Now, of course, it is possible that this is the first time for someone here this morning to hear Jesus tell his disciples that they need to pray so as not to fall into temptation. But I think most of you have heard these words before. So let me ask you a question: when did you last pray like that yourself? Have you prayed like that today? And if not why not?
We may well have prayed such a prayer at some time in the past but why not yesterday or today? What might be some of our reasons?
Forgetfulness is always a possibility – yes, we’ve been told but then our memories are poor and we forget. But then all that means is I don’t think the matter very important because for the things that I consider important I take steps to remember. Medicines, meals, holidays, anniversaries, birthdays – yes I might occasionally forget but not often, not regularly because they are important to me.
Well we might look at our situation and imagine that the dangers are not as great as that and we under-
Or we may think that we’re strong enough or mature enough not to need to pray like that any more. How easily we can overestimate our own capacity to overcome temptation and to cruise through any trial that might come our way.
Maybe we find it all a bit too demanding and we excuse ourselves by saying I’m not the praying type, or I don’t have the time to pray right now.
Perhaps when we have a moment we’re simply too tired: sleep and rest are so much more appealing than prayer.
Or perhaps we secretly imagine that Jesus is a hard-
Again we might imagine that Jesus is overstating the case and conclude that he didn’t really mean what he said.
Sometimes we might not pray because we value the approval of others more than we do his.
The common factor of all these reasons or, to be more accurate, excuses for not praying lies the conviction that we know better than Jesus does what we need. And we know how better than he how best to serve our own interests. And so we turn an instruction into a mere suggestion and of course we can put that to one side without troubling my conscience too much.
Let those of us who are disciples of Jesus recognise that Jesus knows best and if he tells us to pray so that we might not enter into temptation or fail the test then let us be serious about prayer to that end!
Jesus’ instruction was designed to protect his disciples and to promote their best interests – if we think of him as a hard taskmaster we don’t know him very well at all!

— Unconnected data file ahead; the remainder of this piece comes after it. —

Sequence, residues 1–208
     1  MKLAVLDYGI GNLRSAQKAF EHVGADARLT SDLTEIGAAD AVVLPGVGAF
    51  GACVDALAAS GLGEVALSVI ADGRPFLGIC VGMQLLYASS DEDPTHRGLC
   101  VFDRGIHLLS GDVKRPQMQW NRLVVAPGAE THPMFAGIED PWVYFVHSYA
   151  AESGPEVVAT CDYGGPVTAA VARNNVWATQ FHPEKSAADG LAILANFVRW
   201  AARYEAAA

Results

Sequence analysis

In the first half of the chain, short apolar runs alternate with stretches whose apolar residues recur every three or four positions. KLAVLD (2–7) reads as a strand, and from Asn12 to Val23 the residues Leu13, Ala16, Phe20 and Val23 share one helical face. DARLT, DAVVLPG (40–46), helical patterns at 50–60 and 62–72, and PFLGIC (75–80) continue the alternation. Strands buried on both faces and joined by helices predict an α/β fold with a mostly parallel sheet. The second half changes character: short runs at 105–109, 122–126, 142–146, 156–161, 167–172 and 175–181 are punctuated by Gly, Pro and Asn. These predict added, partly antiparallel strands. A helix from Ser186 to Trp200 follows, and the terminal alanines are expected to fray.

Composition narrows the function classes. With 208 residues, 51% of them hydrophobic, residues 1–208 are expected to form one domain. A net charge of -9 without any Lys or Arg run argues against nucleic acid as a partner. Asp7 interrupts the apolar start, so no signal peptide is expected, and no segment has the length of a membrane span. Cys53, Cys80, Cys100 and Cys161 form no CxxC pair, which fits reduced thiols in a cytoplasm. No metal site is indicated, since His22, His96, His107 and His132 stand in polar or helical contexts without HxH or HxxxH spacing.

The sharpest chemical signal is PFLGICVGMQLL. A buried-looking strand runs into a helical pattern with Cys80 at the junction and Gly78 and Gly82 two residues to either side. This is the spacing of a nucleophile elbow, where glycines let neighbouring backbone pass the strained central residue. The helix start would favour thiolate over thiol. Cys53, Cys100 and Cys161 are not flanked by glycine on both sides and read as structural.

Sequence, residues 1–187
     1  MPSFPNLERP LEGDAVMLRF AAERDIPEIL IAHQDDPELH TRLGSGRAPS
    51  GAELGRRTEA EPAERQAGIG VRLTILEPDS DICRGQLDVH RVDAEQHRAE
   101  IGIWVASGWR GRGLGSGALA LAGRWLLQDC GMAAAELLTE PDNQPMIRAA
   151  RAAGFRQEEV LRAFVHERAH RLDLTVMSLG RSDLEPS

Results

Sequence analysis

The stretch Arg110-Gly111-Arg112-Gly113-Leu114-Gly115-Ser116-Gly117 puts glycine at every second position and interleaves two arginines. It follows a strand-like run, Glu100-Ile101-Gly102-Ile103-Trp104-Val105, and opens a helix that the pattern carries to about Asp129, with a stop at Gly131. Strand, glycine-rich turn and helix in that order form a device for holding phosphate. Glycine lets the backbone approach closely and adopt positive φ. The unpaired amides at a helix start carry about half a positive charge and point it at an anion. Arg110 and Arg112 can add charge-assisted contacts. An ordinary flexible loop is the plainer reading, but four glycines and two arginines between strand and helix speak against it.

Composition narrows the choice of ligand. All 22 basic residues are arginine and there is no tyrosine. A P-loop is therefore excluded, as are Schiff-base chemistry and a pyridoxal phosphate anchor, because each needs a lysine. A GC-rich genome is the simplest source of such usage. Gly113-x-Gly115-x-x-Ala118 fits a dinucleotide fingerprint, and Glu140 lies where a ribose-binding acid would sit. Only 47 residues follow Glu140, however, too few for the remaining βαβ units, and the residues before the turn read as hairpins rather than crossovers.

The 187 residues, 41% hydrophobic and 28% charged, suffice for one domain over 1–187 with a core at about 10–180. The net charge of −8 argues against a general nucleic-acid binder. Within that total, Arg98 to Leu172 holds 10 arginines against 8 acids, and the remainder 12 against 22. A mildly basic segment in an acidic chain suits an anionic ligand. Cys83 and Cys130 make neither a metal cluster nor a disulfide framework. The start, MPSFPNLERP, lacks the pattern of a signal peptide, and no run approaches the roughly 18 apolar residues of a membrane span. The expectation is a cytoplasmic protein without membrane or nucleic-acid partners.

Having spoken to his disciples about their need of prayer Jesus put his own teaching into practice for himself. He prayed.
He set himself at a short distance from his disciples – a stone’s throw away – and he prayed. The distance allowed him not to be distracted or kept from prayer by further discussion with his friends. Have you ever noticed how easy it is to be distracted when it comes to prayer? In a prayer meeting we can take too long in talking about the Bible or of sharing our subjects for prayer and end up not having enough time to pray. At home you can decide that you’ll pray and the phone goes or you suddenly remember an errand that you simply must do before you forget and prayer is pushed back and back.
Well Jesus wanted to pray, needed to pray, and so took some important steps to ensure he could. We would do well to follow his example.
Jesus’ disciples were mere men and acted as though they could get by without prayer but that wasn’t the attitude of their Master who was no ordinary man but God Incarnate. He set himself to pray and prayed with great earnestness, kneeling in a position that demonstrated his humble submission to his heavenly Father.
This was not a time of quiet, restful contemplative prayer for our Lord. Jesus was very conscious that his hour had come and so he wrestled in prayer. Was there no other way whereby he might complete the Father’s will and save sinners? Did the cup that was offered to him, the cup that was filled to the brim with the divine wrath of a holy God, really have to be drained to the last drop? Was all the pain, suffering and death absolutely necessary?